The role of “promising reporter turned amateur sleuth tracking a time-traveling serial killer as she herself becomes unstuck in time” sounds far too specific to be in any actor’s wheelhouse, even one as talented as Elisabeth Moss. Yet that is the immediate takeaway from the Apple TV+ limited series “Shining Girls”: That whether through the original novel by Lauren Beukes, showrunner Silka Luisa, or actor/director/executive producer Moss, the character of Kirby Mazrachi is a perfect fit for this particular star.
Maybe, at times, too perfect. As Kirby fights her way through fantastically challenging circumstances and the dismissals of so many people around her, it’s hard not to think of Moss’ exceptional work in the recent “Invisible Man” remake — a story about toxic-male violence that had the advantage of ruthless streamlining. The eight-episode “Shining Girls” has more time to build dread — and more time to trip over its uneven pacing.
Moss’s Kirby is an archivist at the Chicago Sun-Times in 1992, where she has started over with a new identity following a brutal attack she survived years earlier. Her attacker has left other victims across the Chicago area, but so much time has lapsed between them that any connections can seem tenuous, if not downright impossible. When troubled reporter Dan Velazquez (Wagner Moura) investigates a more recent murder with similarities to Kirby’s case, Dan and Kirby team up, digging into past victims. They eventually cross paths with Jinny (Phillipa Soo), a local scientist who could be targeted in the future.
The identify of the killer isn’t a mystery to the audience: It’s Harper (Jamie Bell), an unnerving man who immediately telegraphs his willingness to quietly overstep boundaries, quickly turning undertones of menace into overtones. This is clear in his first scene in the series, which he shares with Kirby — decades before he attacks her, when she is just a child. Harper keeps popping up at different intervals, never appearing to visibly age, before disappearing again; clearly, he’s in defiance of some usual laws of time and physics. The “what” and “how” are gradually revealed — a later episode of the series goes deeper on his specific origins — though some aspects of the story are left ambiguous or unexplained.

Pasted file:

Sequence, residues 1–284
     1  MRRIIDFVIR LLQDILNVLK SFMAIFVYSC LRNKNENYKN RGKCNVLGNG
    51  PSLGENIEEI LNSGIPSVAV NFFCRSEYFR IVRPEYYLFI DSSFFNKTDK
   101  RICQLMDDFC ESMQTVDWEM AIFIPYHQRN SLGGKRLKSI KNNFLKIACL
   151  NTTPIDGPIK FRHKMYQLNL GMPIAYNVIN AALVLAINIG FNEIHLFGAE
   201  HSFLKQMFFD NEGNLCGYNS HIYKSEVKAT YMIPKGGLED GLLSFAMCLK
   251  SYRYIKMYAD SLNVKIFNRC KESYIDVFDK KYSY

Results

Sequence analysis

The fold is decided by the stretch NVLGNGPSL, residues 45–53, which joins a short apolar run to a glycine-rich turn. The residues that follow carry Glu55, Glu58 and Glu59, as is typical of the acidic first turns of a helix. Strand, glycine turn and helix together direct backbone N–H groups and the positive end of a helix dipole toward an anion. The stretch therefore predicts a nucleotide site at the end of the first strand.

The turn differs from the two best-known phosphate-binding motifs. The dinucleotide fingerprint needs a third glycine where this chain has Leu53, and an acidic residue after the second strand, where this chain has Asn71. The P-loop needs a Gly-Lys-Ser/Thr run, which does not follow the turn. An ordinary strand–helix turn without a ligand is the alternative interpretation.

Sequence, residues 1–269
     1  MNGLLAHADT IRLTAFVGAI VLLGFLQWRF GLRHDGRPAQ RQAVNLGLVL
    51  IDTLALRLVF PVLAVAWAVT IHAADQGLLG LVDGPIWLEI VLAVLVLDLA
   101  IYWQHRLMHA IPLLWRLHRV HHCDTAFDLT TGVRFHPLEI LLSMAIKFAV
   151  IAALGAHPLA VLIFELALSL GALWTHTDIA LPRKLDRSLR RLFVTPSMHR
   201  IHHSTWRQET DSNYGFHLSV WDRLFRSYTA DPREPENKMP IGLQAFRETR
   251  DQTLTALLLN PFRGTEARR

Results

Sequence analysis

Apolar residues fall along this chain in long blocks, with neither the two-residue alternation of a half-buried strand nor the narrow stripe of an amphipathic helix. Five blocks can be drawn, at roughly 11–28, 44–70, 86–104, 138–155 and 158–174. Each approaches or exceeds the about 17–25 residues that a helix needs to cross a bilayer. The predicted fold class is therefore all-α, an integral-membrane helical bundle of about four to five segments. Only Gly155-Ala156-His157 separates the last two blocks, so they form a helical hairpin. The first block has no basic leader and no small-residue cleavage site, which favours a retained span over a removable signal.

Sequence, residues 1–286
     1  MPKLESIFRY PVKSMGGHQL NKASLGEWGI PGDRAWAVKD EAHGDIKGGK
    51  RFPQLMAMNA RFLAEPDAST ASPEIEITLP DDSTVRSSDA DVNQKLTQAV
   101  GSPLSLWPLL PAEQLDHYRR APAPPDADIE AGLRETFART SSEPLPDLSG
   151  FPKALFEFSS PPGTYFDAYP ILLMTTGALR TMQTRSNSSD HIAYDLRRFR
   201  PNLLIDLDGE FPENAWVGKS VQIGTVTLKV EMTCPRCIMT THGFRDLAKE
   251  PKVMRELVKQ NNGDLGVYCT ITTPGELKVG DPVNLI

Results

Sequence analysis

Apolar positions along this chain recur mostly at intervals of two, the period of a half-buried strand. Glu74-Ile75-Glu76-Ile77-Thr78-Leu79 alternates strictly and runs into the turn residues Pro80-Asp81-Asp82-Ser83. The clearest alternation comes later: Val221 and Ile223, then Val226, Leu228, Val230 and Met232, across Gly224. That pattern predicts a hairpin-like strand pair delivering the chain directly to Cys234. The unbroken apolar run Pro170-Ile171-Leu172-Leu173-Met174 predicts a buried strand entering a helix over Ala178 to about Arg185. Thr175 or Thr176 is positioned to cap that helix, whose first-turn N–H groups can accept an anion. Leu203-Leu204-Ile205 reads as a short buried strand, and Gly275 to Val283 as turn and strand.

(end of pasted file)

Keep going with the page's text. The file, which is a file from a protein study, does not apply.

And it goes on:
That’s not a bad thing, but it’s not always productive in determining what, exactly, “Shining Girls” is doing with its mixture of character-based drama, nuanced exploration of a sensitive and subjective mental state, and page-turning exploitation. It dips into all three areas with skill. For starters, there are plenty of deeply creepy scenes where Harper lurks in the background, just out of sight, calmly assessing the women he will prey on. And not all of the serial-killer material is quite so familiar. One major plot point becomes a strong psychological metaphor: As the timeline of events is altered, the details of Kirby’s life keep shifting beneath her, with the rest of the world unaware of these changes. It’s a powerful evocation of the idea that a traumatic event can leave someone feeling like they’re living a different form of reality that never quite solidifies, subject to the cruel whims of memory and experience. It’s also, from a practical standpoint, a hell of a neat narrative trick, watching someone attempt to catch a killer while holding on to their own sense of self.
So why isn’t “Shining Girls,” well, more satisfying? Part of it is the flimsiness of the supporting characters. Kirby’s mom (Amy Brennaman) and Dan’s young son (Julian Obradors) wind up feeling like plot accessories after the fact, a byproduct of how the show introduces characters slowly, then hastily wraps things up in its eventful final two episodes. Even Soo’s engaging Jinny seems to spend more time strategically retreading certain key scenes rather than developing as an individual, while Moura’s Dan has a well-worn cop-style backstory (dedicated to his job but nearly swallowed by his demons) ported into his journalist character.
This leaves Moss, excellent as always, and her ongoing duel with Bell. These two marquee actors, along with steady direction from “Breaking Bad” and “X-Files” veteran Michelle MacLaren; Moss’ ‘Handmaid Tale’ collaborator Daina Reid; and Moss herself keep the show suspenseful and, especially in the back half of the season, taut. What it ultimately (and surprisingly) lacks is a sense of sustained emotional heft — that there’s something more substantial amidst all of the gruesome (if tastefully depicted) murders and head-spinning, sometimes confusing time-travel mechanics. These moments aren’t completely lacking. They just appear and then quickly recede, like some of the details Kirby is forced to scribble down before they disappear again.
The first three episodes of “Shining Girls” are now streaming on Apple TV+, with new episodes rolling out weekly.